KS: So, for the Sobey, I got to make that into an actual artwork. But it was funny because I was looking for pieces of concrete to use – just found concrete. And after I found the pieces I wanted to use, I would see it everywhere. Like this branch project… When I'm walking down the street and I see pine branches, and I'm like, “Oh, is that something I want to use?” It almost makes me see things in a different way.
TW: Were there any specific moments or interactions during your MFA that you found really helped push your practice forward or shaped it, leading you to where you currently are as an artist?
KS: Well, I think the whole MFA experience for me was just so eye opening. It was really interesting because it's not a typical MFA where you're specializing in one media, like painting or photography. You can do anything you want. My cohort was a group of amazing artists – a musician, a puppeteer, someone who does land based work. Interacting with them, we had this one class – it was on collaboration. The idea was, you’d work with someone who wasn’t working in your specific field to kind of expand your practice, and see what possibilities there are working in different genres. I remember working with an artist named Leif Hall who does extended sound. She uses her voice to make music. When I was working with her, we did this ASMR project. Our conversations were around lived experience and tactile things. We did a 16-channel sound project that was like beads in a bowl spinning around you. It was really cool.
TW: I just had that class last fall. I really enjoyed it.
KS: Yeah, so cool.
TW: I feel like every cohort is such a randomized, different mix of people. It must be really exciting to teach it. You’re going to get totally different things out of that class, year to year.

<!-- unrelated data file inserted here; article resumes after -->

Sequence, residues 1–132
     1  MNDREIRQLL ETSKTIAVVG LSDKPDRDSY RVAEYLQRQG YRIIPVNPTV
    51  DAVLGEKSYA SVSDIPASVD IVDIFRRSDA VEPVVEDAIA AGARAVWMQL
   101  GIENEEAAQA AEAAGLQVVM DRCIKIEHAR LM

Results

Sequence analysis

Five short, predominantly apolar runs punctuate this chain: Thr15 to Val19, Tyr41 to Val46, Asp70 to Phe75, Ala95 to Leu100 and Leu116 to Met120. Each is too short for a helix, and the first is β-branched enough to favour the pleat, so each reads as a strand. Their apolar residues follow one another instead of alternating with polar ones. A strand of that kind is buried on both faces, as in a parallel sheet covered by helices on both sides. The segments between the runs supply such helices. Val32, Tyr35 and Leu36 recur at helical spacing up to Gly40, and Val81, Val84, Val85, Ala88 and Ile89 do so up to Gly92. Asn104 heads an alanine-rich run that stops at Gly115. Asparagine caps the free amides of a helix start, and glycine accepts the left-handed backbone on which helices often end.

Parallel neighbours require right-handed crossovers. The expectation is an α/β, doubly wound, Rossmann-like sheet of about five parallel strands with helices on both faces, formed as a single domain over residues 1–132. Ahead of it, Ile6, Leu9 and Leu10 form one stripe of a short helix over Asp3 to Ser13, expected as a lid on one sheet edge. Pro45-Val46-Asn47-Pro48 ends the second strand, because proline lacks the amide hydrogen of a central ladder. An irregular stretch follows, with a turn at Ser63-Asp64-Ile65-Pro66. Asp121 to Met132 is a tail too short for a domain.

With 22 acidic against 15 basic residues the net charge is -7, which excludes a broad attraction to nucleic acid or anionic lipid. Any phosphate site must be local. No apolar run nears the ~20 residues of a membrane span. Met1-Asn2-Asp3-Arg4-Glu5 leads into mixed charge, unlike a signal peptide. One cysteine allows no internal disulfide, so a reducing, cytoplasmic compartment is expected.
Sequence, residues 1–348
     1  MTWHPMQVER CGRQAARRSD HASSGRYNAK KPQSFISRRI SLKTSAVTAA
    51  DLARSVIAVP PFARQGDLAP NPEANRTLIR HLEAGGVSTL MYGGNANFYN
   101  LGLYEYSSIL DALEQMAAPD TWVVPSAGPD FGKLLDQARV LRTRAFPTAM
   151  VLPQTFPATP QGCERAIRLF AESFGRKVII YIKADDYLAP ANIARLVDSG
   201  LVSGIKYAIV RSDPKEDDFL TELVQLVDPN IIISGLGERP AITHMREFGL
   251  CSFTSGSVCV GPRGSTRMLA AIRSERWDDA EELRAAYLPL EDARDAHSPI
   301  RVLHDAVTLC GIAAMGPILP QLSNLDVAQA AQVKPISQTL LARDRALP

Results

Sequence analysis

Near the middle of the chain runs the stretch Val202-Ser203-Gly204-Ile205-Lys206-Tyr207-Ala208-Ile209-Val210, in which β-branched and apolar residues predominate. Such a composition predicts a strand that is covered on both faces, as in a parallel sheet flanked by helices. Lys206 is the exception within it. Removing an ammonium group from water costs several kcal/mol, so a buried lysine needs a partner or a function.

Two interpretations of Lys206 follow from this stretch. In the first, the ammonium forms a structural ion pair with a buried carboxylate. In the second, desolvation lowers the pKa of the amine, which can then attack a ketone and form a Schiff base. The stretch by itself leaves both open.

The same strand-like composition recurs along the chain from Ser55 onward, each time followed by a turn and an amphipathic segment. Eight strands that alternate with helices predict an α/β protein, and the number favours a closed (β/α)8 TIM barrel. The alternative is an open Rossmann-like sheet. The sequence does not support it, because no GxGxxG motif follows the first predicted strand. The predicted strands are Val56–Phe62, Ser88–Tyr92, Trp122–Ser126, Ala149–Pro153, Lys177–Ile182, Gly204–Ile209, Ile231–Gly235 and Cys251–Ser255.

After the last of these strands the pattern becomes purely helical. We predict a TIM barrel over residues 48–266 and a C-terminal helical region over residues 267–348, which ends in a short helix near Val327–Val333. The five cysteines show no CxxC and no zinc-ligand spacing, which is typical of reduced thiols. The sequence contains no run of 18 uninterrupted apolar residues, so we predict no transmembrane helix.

KS: Yeah, that must be very exciting.
TW: In my cohort, there're a lot of people who work with digital media. There was a lot of digital art in different formats. It was really interesting seeing them, like, bring that out of other people, too. I've been reading some of your writing on your practice, and you talk about intersecting urban and traditional ways of being Indigenous, and I was wondering: are there any ways that these facets of identity intersect that are joyous or unexpected for you? How does that affect your practice?
KS: That's a complex question. I think about intersectionality, as, I would say, having different facets of my life Influence me in very subtle ways. I grew up in Vancouver, and it’s a very urban area. There's a large population of Indigenous people that do live in Vancouver, so I was really lucky to grow up in a neighborhood that had a lot of Indigenous people. We had the friendship center just down the street, and I went to my first potlatch there. It was my family's potlatch, so it was really different. How do we practice our traditions far away from home? And how do we do this in a meaningful and respectful way? For my First Nation, we have a thing called Doòli law, and that means our traditional protocols. They have four pillars, kind of like the medicine wheel: sharing, caring, teaching, and respect. When I'm navigating the world of art, I'm thinking about these things – how can I make art that shares knowledge? How can I make art that cares for the materials that I'm using? These protocols extend beyond my art practice, as well. How do I navigate, as a good person, in this world? When it comes to intersectionality, it's really important that we know who we are as people, where we come from in our culture. The world is constantly changing. It's so dynamic. To say that tradition is something that's in the past is very misleading, because it's constantly changing. It’s the same with Indigenous futurity or urban Indigenous culture. It's not like there's no tradition there. There is tradition, it's not just set in the past. It's a really interesting time shift, I'd say.